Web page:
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Constitutional Referendum in Poland

Can the Popular Will Overcome Party Power Struggles?

14.03.2005 · Position von Kurt Klotzle

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Poland is one of ten EU member states that will hold a national referendum on the Constitutional Treaty. Even more than in other member states, the constitutional referendum has become the subject of domestic rather than international politics in Poland, with the governing Social Democrats engaged in bitter dispute with opposition parties over when and how to hold the referendum. This has largely to do with the fact that voter turnout in Poland must exceed 50% of eligible voters for the referendum to be declared valid. This 50% threshold would present a formidable obstacle to any EU member state. For example, Spain’s successful referendum on 20 February 2005 registered a turnout of 42%. Moreover, Polish turnout for the European elections in June 2004 was a dismal 20.87%, the second lowest in the entire EU.

The pro-constitution Social Democrats have argued strongly that the referendum should be held on the same date as presidential elections in Fall 2005. This arrangement would not only guarantee higher turnout but would allow the Social Democrats to present themselves as model Europeans while possibly distracting the electorate from a string of political scandals that have left the government’s approval rating hovering at around 10%.

Opposition parties reject this proposal. Confident that they will sweep the Social Democrats from power in parliamentary elections later this year, they are reluctant to allow the referendum to be organized in a way that might strengthen the Social Democrats’ hand. The positions of these parties toward the Constitutional Treaty cover a fairly narrow spectrum. The right-wing Law and Justice party, the ultra-conservative Catholic-nationalist League of Polish Families and the agrarian-populist Self-Defence openly oppose the constitution. In contrast, the leading opposition party – the centre-right Civic Platform – has recently backed off its anti-constitution stance to take up a more neutral position. These parties want the referendum to be held as late as possible, preferably in 2006, either separately or in combination with local elections. The opposition is banking on the expectation that the constitution will fail elsewhere first – perhaps in referenda in the Czech Republic or the United Kingdom – thereby allowing Poland (a) to avoid being the first member state to reject the constitution, an act that would have severe ramifications for Poland’s standing in the EU, and (b) to await the renegotiation of the Constitutional Treaty in terms more favourable to Poland.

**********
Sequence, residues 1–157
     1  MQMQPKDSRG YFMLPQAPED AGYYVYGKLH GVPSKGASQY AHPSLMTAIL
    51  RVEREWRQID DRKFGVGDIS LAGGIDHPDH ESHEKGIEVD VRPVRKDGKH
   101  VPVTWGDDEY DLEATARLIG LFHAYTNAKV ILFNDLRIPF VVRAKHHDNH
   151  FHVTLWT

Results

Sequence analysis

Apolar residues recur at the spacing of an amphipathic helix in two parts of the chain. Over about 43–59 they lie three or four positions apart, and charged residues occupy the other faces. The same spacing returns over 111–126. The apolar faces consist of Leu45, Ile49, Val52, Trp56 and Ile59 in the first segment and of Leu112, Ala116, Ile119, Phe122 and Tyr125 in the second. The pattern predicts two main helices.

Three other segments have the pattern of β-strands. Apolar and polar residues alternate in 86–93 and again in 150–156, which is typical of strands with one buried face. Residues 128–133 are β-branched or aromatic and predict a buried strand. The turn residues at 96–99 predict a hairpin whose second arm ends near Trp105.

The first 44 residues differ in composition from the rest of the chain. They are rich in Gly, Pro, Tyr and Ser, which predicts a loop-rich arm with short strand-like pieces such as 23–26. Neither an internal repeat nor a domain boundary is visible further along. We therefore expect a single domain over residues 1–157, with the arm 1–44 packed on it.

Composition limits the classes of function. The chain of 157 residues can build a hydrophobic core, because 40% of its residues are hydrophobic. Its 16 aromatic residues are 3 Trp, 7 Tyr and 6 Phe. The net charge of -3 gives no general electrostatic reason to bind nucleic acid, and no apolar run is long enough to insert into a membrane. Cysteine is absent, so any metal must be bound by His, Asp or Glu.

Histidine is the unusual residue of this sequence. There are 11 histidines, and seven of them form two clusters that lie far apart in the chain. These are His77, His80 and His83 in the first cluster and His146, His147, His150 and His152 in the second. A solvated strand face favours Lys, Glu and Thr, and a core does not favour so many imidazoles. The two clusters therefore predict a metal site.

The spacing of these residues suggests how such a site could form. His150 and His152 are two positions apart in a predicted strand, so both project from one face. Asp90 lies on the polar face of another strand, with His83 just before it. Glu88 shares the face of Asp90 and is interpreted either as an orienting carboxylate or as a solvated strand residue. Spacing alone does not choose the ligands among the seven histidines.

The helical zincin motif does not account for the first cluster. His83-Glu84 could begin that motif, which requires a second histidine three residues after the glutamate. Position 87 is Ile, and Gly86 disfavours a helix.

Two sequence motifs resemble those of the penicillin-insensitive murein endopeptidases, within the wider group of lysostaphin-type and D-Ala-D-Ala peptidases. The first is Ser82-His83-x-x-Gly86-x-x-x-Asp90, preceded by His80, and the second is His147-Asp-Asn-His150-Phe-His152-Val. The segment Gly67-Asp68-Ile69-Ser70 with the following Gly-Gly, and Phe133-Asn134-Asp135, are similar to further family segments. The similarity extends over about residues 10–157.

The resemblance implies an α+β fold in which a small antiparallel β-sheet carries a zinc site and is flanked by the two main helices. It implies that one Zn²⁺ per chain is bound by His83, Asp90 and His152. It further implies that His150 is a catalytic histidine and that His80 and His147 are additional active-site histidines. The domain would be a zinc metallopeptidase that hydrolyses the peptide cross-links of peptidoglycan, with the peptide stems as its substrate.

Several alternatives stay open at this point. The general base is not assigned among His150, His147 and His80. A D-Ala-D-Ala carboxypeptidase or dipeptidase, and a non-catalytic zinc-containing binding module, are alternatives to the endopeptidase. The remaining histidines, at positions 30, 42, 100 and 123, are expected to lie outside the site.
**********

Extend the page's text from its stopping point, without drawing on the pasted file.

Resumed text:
Absent the 50% threshold, the referendum would almost certainly be approved overwhelmingly. Polish public opinion toward EU membership has improved steadily since Poland joined the EU in 2004. Key factors here are the tangible impact of increased EU funds since accession and the proud role that Poland played as representatives of the EU in mediating the Ukrainian election crisis. As a result, Poland is one of the few EU member states in which popular support for the constitution is increasing. According to the latest (February 2005) poll conducted by CBOS, a leading public opinion research institute in Poland, 64% of Poles support ratification of the EU constitution while only 7% oppose ratification. This compares to 21% against in July 2004 and 11% against in November 2004 (Two-thirds of Poles back EU constitution: poll, EU Business, 26 February 2005 ).

Certain experts and policymakers are looking for a way out of this dilemma. For example, the Institute for Public Affairs, a Polish think tank based in Warsaw, recently proposed a "political package" whereby political parties agree to hold a constitutional referendum in 2006 while simultaneously agreeing to a change in Polish law that would reduce the required turnout level (Decyzja w sprawie Europy, Institute of Public Affairs).

And signs are improving that the Poles themselves may liberate their interests from domestic political party intrigues that threaten to hold the EU constitution captive: in the February 2005 poll cited above, 66% of those questioned stated that they intended to vote in a future referendum.

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